Seattle council votes to give Uber, Lyft drivers bargaining rights

Seattle council votes to give Uber, Lyft drivers bargaining rights

The Seattle City Council passed a measure on Monday that will allow drivers for services such as Uber and Lyft to organize, a major development in a debate that is being closely watched for what it means about the so-called on-demand economy.

Drivers for Uber and other ride-hailing services are independent contractors, so they do not get the benefits that go to many employees. That includes a right to negotiate with their employer as a group.

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The law passed Monday gives them the right to vote to collectively bargain through a non-profit. Only drivers who meet certain criteria will be eligible to be represented by the organizations sanctioned under the law. It also applies to traditional taxi drivers and to other drivers-for-hire.

Seattle Mayor Ed Murray (D) said that he would not sign the bill, instead opting to allow it to pass into law without his approval because concerns he has with the legislation have not been resolved.

"I remain concerned that this ordinance, as passed by the Council, includes several flaws, especially related to the relatively unknown costs of administering the collective bargaining process and the burden of significant rulemaking the Council has placed on City staff," he said in a statement. "As this ordinance takes effect, my administration will begin its work to determine what it will take to implement the law. I believe it will be necessary to seek additional clarifying legislation from the Council."

It is the bill’s application to the on-demand economy that has received the most attention — and ties the effort to the highest profile example of shifts in the labor market towards independent contract work. Mike O'Brien, the council member who sponsored the bill, said on Monday that "we’re seeing a lot of changes that are very disruptive."

Drivers for ride-hailing services have been trying to organize for some time, but those instances have been limited. In some places, workers formed app-based drivers associations affiliated with local unions. The association that currently organizes Seattle’s drivers could attempt to organize them under the new law.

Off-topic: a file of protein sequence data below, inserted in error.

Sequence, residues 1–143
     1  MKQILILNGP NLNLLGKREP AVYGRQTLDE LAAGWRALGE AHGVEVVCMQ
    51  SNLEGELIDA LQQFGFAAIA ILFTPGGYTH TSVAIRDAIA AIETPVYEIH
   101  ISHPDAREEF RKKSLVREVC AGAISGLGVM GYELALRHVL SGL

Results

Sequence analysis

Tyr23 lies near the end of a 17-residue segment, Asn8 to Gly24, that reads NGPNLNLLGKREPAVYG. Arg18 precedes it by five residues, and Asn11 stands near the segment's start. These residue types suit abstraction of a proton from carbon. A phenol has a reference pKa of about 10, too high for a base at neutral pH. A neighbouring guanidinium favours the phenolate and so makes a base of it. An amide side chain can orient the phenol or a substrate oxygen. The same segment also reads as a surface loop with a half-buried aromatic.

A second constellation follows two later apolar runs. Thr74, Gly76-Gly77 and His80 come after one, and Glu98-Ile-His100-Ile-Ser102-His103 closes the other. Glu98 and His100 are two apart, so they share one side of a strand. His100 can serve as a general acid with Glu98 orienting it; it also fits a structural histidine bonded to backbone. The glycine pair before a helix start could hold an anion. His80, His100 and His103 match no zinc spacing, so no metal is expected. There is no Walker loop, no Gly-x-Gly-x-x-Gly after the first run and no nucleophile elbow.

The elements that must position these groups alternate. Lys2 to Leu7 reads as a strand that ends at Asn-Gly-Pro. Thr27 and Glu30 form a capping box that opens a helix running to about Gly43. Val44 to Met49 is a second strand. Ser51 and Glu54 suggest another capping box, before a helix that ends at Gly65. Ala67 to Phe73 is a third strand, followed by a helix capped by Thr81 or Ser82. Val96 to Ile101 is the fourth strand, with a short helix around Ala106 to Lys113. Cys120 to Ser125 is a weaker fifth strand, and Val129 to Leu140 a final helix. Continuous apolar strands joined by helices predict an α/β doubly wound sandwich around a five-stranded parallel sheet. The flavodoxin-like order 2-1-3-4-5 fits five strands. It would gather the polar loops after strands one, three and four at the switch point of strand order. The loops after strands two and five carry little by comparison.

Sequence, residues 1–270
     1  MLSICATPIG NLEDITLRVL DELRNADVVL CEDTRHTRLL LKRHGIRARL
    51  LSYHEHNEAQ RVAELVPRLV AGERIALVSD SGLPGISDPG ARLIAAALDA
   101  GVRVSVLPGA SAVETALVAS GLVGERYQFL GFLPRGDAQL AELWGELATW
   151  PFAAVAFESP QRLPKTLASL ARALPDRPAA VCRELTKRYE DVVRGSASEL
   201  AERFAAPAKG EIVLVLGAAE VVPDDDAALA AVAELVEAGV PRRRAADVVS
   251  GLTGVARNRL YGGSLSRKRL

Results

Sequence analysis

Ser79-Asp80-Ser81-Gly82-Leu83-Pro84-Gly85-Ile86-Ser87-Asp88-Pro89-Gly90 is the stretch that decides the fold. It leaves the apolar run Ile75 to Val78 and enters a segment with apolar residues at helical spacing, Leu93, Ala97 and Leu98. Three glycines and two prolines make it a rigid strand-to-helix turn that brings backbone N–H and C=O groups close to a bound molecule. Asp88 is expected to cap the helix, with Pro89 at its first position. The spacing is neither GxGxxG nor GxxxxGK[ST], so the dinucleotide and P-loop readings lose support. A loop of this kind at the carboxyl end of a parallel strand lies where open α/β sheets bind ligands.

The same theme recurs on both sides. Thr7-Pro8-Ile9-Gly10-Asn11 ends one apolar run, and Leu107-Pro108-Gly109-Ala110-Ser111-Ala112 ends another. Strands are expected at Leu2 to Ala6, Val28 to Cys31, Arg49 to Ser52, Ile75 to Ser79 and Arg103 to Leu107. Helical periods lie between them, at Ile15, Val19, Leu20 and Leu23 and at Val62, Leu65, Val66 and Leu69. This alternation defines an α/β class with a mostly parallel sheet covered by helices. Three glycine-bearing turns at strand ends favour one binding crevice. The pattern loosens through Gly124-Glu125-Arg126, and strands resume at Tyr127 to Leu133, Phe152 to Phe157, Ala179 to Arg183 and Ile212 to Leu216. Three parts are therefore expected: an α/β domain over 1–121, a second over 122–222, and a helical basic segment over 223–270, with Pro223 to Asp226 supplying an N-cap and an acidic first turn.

Lyft has said in a statement before the vote that the law “threatens the privacy of drivers, imposes substantial costs on passengers and the City, and conflicts with longstanding federal law. We have urged the full Council and the Mayor to reject the bill.” Rival company Uber simply stressed that its drivers appreciate the flexibility that comes with being a driver for an on-demand ride-hailing platform.

The law could have implications far beyond the on-demand economy — raising the prospect of collective bargaining rights for contract workers in other fields. This could have an effect on a growing element in the economy: Intuit predicts that “contingent” workers, some of them contractors, will make up greater than 40 percent of the workforce by 2020.

Challenges to the law could center around the accusation that it enables workers to engage in price-fixing, in violation of antitrust law. Some have also questioned whether the city’s ordinance will conflict with federal labor law.

The move comes as Washington considers what it can do to help build a safety net for workers in the on-demand economy. Sen. Mark WarnerMark Robert WarnerGun control debate shifts to hardening schools after Texas shooting Warner: Why doesn't Trump understand that it's illegal for other countries to interfere in US elections? Warner sees 'credible components' in report that foreign governments offered to aid Trump campaign MORE (D-Va.) and others are warming to the idea of forbearing regulators from cracking down on companies experimenting with ways to provide benefits — though it remains to be seen whether that, or any other federal action on the issue, will come to pass.

Updated at 10:18 p.m.